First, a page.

WHITEHALL, TX — Along Farm-to-Market Road 2 in Whitehall, three passers-by stopped what they were doing and used their own bodies to shield a bald eagle that had been hit by a passing vehicle.
The bird was in distress Monday morning when Bryan residents Dalton Henley and Jay Henley pulled over to assist. The father and son duo covered the eagle in a jacket they had on hand, which bore an American flag on the left sleeve.
That’s when Mike Montemayor of Whitehall pulled over as well. He helped the two men shield the animal from passing cars as he put in a call to Grimes County Sheriff Don Sowell.
“Man, it was just sad to see such a majestic bird laying on the side of the road," Montemayor said. "It was trying to crawl to the side of the road to go die in peace.”
Sheriff Sowell called in Texas Game Warden Forrest Schmidt, who quickly made his way to the scene. Schmidt said the eagle’s wingspan was the size of a truck’s tailgate, and he would have to use a large dog carrier to transport it.
“I actually went and bought one from Tractor Supply in Navasota and put the eagle inside of that," Schmidt said. "I strapped it down and transported it to a lady with Friends of Texas Wildlife in Magnolia. They're a big helper of ours.”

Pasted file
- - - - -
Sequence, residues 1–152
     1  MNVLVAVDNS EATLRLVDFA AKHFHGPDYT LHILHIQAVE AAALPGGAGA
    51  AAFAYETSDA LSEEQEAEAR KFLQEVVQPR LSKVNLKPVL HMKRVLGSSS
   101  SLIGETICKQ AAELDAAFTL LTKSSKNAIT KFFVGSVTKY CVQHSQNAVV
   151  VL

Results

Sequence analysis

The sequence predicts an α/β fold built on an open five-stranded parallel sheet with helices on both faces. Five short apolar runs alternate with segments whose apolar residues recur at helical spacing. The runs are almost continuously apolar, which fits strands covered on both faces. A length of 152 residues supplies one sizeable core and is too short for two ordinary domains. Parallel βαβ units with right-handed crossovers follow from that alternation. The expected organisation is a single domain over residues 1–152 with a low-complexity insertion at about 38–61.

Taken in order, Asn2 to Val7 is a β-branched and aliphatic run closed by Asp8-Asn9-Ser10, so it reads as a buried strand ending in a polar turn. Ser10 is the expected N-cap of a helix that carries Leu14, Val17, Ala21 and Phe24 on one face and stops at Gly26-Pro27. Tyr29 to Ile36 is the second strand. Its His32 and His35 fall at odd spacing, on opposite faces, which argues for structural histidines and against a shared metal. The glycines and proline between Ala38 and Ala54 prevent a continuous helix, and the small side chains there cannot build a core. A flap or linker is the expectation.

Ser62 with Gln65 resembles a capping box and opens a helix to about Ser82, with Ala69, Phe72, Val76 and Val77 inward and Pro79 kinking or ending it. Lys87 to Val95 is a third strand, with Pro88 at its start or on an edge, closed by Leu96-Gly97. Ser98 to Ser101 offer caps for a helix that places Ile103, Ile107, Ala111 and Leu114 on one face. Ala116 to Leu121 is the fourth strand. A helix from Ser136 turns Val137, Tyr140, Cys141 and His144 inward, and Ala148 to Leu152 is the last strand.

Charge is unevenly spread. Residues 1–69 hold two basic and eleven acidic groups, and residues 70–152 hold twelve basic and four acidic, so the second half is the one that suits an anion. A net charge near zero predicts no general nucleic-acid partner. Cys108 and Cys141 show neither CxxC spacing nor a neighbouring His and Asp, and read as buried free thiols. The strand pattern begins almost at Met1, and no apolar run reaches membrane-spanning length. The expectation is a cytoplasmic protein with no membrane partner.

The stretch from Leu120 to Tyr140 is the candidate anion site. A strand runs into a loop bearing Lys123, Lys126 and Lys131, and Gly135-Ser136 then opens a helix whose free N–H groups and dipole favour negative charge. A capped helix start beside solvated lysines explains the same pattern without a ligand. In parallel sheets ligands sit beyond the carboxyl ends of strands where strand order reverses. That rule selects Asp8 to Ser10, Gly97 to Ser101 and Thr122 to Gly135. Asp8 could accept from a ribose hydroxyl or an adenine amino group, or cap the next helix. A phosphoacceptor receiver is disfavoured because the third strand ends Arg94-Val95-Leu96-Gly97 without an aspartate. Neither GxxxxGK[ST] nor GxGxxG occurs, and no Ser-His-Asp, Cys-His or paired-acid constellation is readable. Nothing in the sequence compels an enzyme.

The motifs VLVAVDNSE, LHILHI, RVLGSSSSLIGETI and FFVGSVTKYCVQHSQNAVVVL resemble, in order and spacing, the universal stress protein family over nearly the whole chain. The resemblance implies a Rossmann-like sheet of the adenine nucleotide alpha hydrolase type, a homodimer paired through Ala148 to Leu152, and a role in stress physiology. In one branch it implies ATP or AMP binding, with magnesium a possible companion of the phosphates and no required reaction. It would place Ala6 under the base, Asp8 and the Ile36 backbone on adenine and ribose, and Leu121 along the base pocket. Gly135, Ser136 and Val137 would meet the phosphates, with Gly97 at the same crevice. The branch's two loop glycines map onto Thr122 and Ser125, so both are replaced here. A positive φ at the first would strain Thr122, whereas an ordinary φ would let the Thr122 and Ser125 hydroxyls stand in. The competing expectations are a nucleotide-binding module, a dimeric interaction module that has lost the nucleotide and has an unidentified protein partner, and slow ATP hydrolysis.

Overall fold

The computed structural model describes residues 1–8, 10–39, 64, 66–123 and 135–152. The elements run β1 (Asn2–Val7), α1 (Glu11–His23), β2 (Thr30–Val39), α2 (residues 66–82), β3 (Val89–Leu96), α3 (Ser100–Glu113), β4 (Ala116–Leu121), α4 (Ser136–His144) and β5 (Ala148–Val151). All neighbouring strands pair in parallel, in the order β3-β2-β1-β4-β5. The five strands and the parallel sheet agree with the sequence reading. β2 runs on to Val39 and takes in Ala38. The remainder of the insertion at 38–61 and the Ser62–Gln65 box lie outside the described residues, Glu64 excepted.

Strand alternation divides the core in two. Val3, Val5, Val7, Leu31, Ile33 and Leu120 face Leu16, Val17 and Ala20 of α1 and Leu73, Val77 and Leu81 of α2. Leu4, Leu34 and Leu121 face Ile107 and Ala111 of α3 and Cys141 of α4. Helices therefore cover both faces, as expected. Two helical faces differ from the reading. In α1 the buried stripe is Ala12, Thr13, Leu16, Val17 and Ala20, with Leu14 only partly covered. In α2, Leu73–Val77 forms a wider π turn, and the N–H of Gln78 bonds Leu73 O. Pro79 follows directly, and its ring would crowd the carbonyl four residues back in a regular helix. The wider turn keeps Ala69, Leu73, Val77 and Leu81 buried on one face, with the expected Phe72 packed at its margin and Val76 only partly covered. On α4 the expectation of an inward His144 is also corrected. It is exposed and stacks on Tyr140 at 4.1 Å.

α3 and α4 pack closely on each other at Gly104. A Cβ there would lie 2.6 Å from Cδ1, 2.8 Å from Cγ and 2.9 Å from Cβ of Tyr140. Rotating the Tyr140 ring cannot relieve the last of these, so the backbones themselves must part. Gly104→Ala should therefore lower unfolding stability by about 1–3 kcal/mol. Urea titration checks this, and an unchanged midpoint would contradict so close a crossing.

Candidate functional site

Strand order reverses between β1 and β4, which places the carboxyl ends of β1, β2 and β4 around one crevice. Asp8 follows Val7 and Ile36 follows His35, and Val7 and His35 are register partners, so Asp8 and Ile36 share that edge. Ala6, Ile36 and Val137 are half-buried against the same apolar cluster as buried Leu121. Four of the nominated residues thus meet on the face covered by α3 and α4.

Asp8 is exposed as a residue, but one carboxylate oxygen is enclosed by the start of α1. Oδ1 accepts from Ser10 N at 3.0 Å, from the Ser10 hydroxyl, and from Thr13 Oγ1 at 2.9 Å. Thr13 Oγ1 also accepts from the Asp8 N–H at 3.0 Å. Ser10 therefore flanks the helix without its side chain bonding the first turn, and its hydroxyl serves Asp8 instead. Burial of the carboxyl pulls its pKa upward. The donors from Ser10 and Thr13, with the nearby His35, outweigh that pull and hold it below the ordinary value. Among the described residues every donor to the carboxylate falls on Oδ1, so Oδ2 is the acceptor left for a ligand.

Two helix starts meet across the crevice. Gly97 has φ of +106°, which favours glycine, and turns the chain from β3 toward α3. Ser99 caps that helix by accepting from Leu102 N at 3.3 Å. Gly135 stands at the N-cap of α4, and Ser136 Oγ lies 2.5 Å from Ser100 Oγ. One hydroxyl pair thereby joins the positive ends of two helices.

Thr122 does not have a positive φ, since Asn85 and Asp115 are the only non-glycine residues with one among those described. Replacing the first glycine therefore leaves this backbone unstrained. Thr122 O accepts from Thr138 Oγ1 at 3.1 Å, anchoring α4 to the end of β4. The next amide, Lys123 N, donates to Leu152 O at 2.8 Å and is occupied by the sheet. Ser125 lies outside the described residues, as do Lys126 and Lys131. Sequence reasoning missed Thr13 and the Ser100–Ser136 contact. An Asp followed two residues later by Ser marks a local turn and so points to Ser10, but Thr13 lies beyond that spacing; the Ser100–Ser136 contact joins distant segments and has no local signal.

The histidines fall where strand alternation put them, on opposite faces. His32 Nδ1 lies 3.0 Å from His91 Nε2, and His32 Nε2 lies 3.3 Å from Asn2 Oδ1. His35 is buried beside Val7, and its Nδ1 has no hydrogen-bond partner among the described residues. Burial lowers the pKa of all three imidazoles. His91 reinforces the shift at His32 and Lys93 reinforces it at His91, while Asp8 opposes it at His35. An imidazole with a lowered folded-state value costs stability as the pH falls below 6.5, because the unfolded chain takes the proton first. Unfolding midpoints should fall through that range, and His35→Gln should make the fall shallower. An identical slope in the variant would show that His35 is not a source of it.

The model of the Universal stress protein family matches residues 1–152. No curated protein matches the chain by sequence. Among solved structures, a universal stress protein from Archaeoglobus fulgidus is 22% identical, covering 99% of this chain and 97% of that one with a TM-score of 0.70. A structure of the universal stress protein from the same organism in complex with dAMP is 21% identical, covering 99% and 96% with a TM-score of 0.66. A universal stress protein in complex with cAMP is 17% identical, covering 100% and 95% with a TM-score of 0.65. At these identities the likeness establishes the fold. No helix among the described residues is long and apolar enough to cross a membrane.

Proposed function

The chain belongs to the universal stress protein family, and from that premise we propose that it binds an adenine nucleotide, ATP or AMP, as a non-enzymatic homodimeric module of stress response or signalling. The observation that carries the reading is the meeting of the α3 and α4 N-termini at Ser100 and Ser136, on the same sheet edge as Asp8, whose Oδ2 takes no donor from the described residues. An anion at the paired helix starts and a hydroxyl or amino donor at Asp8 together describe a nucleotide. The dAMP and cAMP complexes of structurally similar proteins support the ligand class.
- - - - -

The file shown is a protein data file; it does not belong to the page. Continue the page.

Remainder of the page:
Despite the veterinarian’s efforts, the bird was too badly injured to rehabilitate, and the difficult decision was made to humanely euthanize it.
Schmidt said while bald eagles are a protected species, they aren’t too rare to see in the Brazos Valley.
“The sheriff and [Montemayor] said we’ve seen this happen before, and it has happened," Schmidt said. "It happened in the north side of Grimes County - same song and dance. [The eagles] were after something dead on the side of the road, wrong place and wrong time, and they were ultimately hit by a vehicle.”
If someone finds an eagle in distress, Schmidt advised they should not put themselves in harm’s way, but if they can they should contact local law enforcement immediately. Additionally, he said it is illegal and punishable by jail time to harbor any part of a deceased bald eagle's remains unless specially authorized by federal authorities.
For rescuer Montemayor, he does find satisfaction in the fact he was able to assist in easing the animal’s pain, and helping it pass away in peace and safety.
“That bird is a symbol of America," he said. "And you know, if you see a bird like that, it’s your duty to try and help save that bird.”